Fun at the Beach

Fairfield Beach

Fairfield Beach Club on the 4th of July. 

Beach Scene Burr family reunion, 1906

Burr family reunion at the beach, 1906. 

Beach Clambake

A clam bake at the beach. 

Penfield Lighthouse Postcard

Boating near Penfield Lighthouse. 

Boyle's Beach Casino Wooden beach pail Rising Tides-Bathing suit display

Bathing suits from the Museum's collection. 

Rising Tides-South Gallery view

Swimming, boating, picnics and ball games were some of the different ways people enjoyed themselves on the beach. Beach fashions have changed dramatically over the last century, but people still flock to the shore for fun in the sun and to enjoy many of the same activities.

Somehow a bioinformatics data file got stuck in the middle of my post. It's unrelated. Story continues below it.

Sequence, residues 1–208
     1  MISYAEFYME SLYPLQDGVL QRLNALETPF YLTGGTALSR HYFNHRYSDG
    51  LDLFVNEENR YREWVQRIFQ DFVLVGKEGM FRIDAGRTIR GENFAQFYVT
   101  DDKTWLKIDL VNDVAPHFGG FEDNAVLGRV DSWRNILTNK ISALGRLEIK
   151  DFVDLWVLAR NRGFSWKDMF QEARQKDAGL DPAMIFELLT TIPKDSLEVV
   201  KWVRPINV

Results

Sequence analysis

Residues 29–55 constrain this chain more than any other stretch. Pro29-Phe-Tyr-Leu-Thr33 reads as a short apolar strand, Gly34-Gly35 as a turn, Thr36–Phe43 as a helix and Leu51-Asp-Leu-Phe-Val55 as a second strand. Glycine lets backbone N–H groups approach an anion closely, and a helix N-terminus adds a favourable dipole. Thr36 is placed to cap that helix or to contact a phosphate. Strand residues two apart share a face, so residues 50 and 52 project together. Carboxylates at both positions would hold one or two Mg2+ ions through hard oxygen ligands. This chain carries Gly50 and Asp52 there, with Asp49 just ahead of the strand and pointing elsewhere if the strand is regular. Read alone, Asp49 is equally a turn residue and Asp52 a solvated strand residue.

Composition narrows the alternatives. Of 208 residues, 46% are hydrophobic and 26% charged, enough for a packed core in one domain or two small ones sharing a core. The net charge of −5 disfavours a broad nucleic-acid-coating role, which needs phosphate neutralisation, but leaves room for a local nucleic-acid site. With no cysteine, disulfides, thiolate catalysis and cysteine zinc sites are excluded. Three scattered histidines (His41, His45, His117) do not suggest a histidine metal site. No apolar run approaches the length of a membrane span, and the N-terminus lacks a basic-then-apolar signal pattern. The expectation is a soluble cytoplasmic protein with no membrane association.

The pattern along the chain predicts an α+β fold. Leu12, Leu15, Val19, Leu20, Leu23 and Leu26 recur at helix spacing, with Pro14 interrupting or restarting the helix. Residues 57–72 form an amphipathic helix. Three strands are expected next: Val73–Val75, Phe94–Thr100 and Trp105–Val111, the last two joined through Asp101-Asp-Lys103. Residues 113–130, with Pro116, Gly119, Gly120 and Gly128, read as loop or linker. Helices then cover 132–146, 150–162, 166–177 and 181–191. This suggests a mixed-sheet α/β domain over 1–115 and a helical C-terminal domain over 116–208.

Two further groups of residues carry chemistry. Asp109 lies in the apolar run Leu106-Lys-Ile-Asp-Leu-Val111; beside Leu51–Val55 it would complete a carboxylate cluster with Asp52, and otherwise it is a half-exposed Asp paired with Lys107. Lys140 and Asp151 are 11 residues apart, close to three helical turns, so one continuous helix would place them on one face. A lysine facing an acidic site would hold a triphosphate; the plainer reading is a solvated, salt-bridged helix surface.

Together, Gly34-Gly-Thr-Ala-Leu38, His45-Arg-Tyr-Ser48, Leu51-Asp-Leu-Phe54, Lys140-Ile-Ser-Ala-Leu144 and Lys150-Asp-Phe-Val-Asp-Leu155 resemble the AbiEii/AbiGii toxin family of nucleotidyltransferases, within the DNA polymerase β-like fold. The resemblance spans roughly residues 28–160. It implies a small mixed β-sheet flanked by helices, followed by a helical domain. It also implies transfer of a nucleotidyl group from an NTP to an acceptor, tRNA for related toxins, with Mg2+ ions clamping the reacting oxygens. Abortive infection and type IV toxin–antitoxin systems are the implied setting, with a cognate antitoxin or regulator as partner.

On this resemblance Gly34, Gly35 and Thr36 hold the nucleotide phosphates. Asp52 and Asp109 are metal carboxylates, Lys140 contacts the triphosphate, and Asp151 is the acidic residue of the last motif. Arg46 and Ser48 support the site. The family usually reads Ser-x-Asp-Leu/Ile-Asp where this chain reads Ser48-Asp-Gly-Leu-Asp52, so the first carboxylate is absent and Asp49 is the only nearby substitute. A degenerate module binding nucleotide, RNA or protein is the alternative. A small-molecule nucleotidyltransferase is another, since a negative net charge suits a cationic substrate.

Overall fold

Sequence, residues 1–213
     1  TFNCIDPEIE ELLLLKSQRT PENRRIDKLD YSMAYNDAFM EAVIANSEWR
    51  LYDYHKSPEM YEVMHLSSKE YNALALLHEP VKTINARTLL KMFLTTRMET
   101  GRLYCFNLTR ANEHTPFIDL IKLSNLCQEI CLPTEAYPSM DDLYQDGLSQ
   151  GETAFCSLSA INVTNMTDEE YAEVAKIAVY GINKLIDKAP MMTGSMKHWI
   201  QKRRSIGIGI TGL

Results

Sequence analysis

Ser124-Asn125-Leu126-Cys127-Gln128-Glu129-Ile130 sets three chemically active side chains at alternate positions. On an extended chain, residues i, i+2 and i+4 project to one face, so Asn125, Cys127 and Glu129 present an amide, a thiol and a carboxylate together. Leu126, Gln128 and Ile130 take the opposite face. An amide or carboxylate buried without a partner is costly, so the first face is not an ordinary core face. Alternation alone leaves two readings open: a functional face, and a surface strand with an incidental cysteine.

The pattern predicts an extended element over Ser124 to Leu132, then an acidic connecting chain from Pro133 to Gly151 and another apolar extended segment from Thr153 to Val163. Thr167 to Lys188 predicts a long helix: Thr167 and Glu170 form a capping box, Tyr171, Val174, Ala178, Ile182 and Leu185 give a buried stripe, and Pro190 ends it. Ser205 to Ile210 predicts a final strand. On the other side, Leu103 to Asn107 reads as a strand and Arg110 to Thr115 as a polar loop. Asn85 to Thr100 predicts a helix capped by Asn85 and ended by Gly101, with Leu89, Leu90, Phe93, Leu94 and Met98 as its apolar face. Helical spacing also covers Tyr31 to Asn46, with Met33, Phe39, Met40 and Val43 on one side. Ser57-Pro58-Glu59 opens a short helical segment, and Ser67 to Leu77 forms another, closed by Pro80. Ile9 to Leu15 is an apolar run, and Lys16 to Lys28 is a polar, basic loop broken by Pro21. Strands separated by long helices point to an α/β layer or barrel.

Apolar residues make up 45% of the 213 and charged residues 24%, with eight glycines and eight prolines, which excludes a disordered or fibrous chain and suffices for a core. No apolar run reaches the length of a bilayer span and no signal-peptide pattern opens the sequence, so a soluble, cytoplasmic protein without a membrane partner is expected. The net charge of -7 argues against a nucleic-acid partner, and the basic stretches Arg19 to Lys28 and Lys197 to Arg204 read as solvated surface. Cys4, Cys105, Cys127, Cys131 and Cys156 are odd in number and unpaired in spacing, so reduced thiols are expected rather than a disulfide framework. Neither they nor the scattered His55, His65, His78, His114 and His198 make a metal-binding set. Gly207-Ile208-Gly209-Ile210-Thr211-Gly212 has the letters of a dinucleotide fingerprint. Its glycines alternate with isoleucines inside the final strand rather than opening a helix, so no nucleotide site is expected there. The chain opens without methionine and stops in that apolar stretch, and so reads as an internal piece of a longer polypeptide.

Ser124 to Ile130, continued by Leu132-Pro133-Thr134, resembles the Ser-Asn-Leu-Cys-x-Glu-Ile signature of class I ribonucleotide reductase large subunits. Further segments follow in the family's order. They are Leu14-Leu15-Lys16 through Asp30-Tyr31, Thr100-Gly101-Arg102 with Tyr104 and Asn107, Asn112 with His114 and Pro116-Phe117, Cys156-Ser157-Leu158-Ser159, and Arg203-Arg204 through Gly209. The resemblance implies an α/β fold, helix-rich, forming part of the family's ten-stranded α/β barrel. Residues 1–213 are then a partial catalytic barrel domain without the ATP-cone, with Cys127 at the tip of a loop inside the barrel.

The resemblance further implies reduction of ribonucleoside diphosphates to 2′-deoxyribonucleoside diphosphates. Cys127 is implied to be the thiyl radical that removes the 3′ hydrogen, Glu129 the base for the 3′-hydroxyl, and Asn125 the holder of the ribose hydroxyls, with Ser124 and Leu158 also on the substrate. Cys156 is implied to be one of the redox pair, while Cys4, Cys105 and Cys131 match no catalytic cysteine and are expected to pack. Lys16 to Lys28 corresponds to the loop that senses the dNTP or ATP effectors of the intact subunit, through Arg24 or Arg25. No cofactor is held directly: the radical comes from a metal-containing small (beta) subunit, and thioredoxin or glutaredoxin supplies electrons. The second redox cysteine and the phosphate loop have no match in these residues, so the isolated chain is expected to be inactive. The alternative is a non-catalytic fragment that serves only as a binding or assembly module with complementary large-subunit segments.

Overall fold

Some people in Fairfield worried that the beach would become crowded with outsiders, like “a miniature Coney Island,” and they quickly rejected a plan to extend trolley service from Bridgeport to the beach in the 1890s. 

As beach-going became increasingly popular in the 1910s and 1920s, private pavilions like Restmore’s and Boyle’s offered changing rooms, movies, dancing, and skating, catering especially to visitors from urban Bridgeport.

When philanthropist Annie B. Jennings left land to the town in her 1939 will, she specified that it would be a bathing beach for Fairfield residents. In the decades that followed, public beaches at  Jennings and Sasco Beach became popular destinations for Fairfield families.